Rationalization of Self: Restructuring the Ego and Superego while Creating a New Personality: Examine Lasch's appropriation of Freud's theory of the mind and repression: id, ego, and superego. How have contemporary social institutions affected a transformation of the ego and superego, thereby producing a new form of narcissistic self? Show how this new self is formed within the institutional complex of individual consumption, manipulative advertisement, spectacle politics, fragmented bureaucracy, and the scienticization of reproduction. These institutions are the new superego to which the individual, tormented by anxieties and insecurities and consumed by self-hatred, turns for support and reinforcement of self-identity. Bureaucratic others and self-preservation are used for self-affirmation at a time when the community loses its importance in life. In the process, sexuality and aggression are released, while history, politics, and objective reason are repressed in a new social unconscious, thus helping to form a new social identity of an insecure and banal personality.
11. Christopher Lasch The Culture of Narcissism
Social and Cultural Foundations of Narcissism:
Enlightenment, Personality, and Industrial Capitalism: Fragmentation of ego and superego, propaganda of commodities, advertisement, and school and media, and the loss of the public sphere, political participation, and liberal democracy and their replacement by spectacle and private therapy, bureaucracy and rationalization, consumerism and sport, and socialization and scienticization of reproduction. Freud's superego of the family, religion, education, law, etc. is replaced by a new superego of consumption, bureaucracy, advertisement, sports and media, and personal therapy; the strong ego formed through sexual desires (Eros), repression, aggression (Thanatos), anxiety, fear, and, finally, adjustments to the objective standards and values of society and the taming of aggression to authority is replaced by a weak and fragmented ego whose pleasure principle and desires are expressed by consumption and adjustment to the market economy and whose aggressive instincts are released and encouraged. In fact, both the ego and superego are now defined and legitimated by their violence and aggression; this results in Horkheimer's authoritarian personality and Lasch's narcissistic personality. With weak egos and superegos, the modern personality is forced to adjust to strong authority figures or to consumer advertisements, political spectacles, and personal therapy for self-preservation and validation. From different perspectives and different historical moments, Weber (1919), Horkheimer (1947), and Lasch (1979) -- at the end of World War I, World War II, and the Vietnam War -- are all watching different stages of the dismantling of democracy in the West; with the rationalization, liquidation, and colonization of reason, Western societies are left without the ability to justify universal ethical and political values, democratic institutions, or the basic moral principles of human dignity and decency, and, thus, are unable to resist the rise of totalitarianism, even in its benign form of consumerism and friendly fascism (Bertram Gross).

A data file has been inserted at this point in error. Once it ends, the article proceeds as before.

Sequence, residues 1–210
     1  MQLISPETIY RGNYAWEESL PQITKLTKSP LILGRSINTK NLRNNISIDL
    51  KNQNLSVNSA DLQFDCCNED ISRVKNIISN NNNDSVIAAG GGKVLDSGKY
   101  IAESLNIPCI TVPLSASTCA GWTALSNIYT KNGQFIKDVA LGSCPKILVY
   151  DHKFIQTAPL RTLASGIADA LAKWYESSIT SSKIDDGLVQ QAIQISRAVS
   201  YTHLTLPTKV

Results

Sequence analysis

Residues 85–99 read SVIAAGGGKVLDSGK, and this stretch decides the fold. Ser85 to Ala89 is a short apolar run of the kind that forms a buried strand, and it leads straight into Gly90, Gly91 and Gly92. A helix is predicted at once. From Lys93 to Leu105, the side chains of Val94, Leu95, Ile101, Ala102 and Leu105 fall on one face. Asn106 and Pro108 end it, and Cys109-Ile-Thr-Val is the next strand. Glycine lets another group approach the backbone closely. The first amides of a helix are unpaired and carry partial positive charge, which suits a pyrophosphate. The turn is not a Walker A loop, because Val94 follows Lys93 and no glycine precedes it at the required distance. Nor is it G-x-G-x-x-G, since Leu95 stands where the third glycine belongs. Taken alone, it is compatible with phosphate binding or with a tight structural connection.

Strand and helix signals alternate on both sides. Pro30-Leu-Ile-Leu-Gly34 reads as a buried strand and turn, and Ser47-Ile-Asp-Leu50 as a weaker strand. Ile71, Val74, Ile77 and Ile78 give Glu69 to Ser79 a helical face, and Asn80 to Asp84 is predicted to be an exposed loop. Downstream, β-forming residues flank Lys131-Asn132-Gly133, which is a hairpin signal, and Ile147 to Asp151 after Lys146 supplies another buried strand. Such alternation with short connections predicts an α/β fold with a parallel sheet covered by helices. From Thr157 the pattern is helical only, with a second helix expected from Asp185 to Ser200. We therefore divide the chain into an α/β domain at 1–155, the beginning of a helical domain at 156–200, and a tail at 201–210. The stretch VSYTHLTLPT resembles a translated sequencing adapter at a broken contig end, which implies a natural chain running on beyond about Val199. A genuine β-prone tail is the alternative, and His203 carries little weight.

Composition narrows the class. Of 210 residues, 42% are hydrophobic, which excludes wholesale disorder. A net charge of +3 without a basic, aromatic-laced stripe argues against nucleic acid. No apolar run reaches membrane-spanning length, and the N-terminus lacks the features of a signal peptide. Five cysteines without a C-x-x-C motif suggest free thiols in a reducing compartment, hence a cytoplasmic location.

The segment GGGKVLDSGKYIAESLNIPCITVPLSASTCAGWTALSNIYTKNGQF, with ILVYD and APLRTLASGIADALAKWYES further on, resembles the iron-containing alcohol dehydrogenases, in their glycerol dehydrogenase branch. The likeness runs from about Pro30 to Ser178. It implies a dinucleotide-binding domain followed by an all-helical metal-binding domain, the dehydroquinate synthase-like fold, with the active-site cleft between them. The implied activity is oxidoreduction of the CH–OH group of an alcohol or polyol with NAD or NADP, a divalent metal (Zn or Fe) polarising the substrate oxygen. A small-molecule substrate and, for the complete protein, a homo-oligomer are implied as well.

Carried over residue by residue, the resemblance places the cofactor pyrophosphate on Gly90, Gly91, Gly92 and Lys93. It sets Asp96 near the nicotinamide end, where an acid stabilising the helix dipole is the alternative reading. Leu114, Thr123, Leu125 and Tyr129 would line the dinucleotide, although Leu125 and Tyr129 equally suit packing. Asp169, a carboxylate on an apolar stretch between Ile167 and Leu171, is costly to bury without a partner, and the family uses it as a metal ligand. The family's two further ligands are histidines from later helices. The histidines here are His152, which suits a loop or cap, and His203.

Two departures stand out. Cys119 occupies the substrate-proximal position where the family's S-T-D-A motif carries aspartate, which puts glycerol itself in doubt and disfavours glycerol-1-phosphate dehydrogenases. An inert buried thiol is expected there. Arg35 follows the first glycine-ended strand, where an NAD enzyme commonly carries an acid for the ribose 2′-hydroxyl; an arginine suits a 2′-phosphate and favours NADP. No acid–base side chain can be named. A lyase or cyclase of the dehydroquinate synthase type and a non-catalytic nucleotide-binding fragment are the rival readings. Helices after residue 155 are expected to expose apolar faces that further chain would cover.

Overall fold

12. Fritjof Capra The Turning Point: Science, Society, and the Rising Culture
Chapters 2, 5, 7, and 8

Enlightenment Science and 19th-Century Medicine: Buddhist Critique of Western Rationality
Summary of the Metaphysics of the Cartesian/Newtonian Worldview: Examine Descartes' theory of science in terms of the mind/body dualism, res cogitans and res extensa. analytic method, mathematics, quantification of experience, world as machine, utilitarianism, and the domination of nature. Analyze the Cartesian metaphysics of science (Burtt) and the logic of capitalism (Berman) in relation to the rise of 19th-century medicine. Compare medicine as crisis intervention technology to medicine as health care and healing; show the Cartesian elements in medical science -- germ theory, microbiology, particular problems and diagnosis, individual therapy, and overuse of drugs. What is lost? -- broader sociological questions about the relationship between health care and culture, psychology, political economy, and the environment. There are three key issues in Capra's work: (1) summary of the Cartesian paradigm and the influence of the rationalization and metaphysics of science on medicine and economics; (2) the broader influence of macro-social institutions and cultural values --Liberalism and Capitalism -- on the Enlightenment and the formation of Western science; and (3) the impact of science on our physical bodies (medicine), the body politic (economics), and nature itself (ecology). Finally, both medicine (Capra) and environmentalism or shallow ecology (Merchant) are examined as expressions of Enlightenment science and political ideology because in health care issues and the environment there are no considerations of the structural economic problems (poverty, inequality, property, class, economic crises, welfare state, etc.) that cause medical and ecological crises. With Enlightenment medicine and ecology, problems are associated with personal behavior or abuse and misuse of science and technology, but not with the underlying economic, political, and cultural problems. The real problems of our organic and inorganic bodies have been displaced and repressed by science leading to further developments in the rationalization of formal and subjective reason. For more on these topics, see the 1990 film Mindwalk directed by Capra's brother Bernt Amadeus Capra.